Integrating R & Python
This past month, we here at Decisions created a webinar on integrating R & Python with our Decisions platform. You can watch a recording of the webinar or read on a little further to learn more about what R & Python do and why integrating these with Decisions is both useful and easy to accomplish.
Data analytics is a hot topic these days and analytic “Boot Camps” are springing up around the country. Among the most popular data analytics tools are R and Python. These two tools are open source, free of charge and have extension libraries that include capabilities such as:
- Machine learning (example libraries include: Tensorflow, SciKit Learn, Keras)
- Visualizations and graphing (ggplot2, matplotlib)
- Scientific computing (NumPy)
- Data manipulation (tidyverse, Pandas)
- Mapping (ggmap)
- Image Processing (OpenCV, Pillow)
There are literally thousands of libraries and packages that can be added to R and/or Python and accomplish just about anything you can imagine. In particular, the machine learning packages such as Tensorflow, SciKit Learn and Keras have strong track records and are included in a number of cloud platform machine learning options.
So, given that these applications have all these capabilities, what’s missing?
Well, for starters the world of data analytics and software development are two different worlds. Data analysts will typically take lots and lots of data collected through operations and attempt to model this, looking for insights. These insights typically involve things like customer behavior, operational efficiency or simply detecting anomalies. These insights are important, but there needs to be a way to operationalize this information and that’s where traditional software development comes in.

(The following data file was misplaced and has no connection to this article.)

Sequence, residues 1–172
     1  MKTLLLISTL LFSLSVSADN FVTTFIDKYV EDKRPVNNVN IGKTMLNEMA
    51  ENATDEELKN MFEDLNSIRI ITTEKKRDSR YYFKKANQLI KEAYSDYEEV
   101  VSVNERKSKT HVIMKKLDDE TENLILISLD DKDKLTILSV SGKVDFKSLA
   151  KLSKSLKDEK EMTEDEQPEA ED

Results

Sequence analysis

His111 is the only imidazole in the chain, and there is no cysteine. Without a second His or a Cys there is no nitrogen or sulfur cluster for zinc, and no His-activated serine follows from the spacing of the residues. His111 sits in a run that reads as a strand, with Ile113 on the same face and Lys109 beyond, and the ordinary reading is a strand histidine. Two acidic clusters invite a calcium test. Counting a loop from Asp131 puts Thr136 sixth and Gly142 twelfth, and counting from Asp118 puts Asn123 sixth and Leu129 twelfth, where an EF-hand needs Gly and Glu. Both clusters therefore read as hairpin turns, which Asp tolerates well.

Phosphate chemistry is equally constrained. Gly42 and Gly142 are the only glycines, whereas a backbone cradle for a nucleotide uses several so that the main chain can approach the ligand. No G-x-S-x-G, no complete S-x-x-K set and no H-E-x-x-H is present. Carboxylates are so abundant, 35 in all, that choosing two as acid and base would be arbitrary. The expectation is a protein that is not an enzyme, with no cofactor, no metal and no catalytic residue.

At some point you want to alert someone that this is something interesting to look into, or a task to follow up on. Individuals in the company need to be notified through things like dashboards and alerts. This analysis will need to run automatically on an on-going basis. Proper permissions and security controls need to be put in place to control user access. No-code development platforms like Decisions provide all these capabilities to easily operationalize the models created in tools like R & Python.
Guardrails for Machine Learning
Machine learning applications can be a bit tricky to manage. Machine learning applications can only provide answers based on data that they’ve seen. What happens when values fall outside the modeling set? Who knows what the model will output and that’s the problem. Rule enforcement can ensure that you can control the output from machine learning models to ensure there are no wild outcomes being fed into your operating environment.
Python and R are code-heavy and keeping up with all the versions of the libraries can be a full-time endeavor. The data analysts building models are not the same type of individuals who will be building out the software to operationalize these models. However, it’s not an all or nothing world. Decisions makes it easy to integrate with these models and do so using no-code design tools.
To learn more about integrating R & Python into your Decisions application I would highly recommend checking out our webinar recording. In this webinar we create a machine learning model of housing prices based on a lot of data and include this information as part of a Decisions process. Watch the entire recording.
If you have any questions, or would like to understand more about integrating R & Python, please contact us. We look forward to talking with you.
- Are Machine Learning Models to be Trusted?
- 9 Signs You Might Need a Rules Engine
- New Ocean Health Solutions Simplifies Processes and Streamlines Ecosystem with Decisions
- How is No-Code Software Different from Low-Code Software?
- Can You Use No-Code Tools for Mission-Critical Applications?
- Integrating R & Python
- The New World of Business Rules Engines
- How Business Users Can Manage Complex Rules with No-Code Software
- Considering Business Process Automation Software Without a Rules Engine? Stop!
- Decisions in a Global World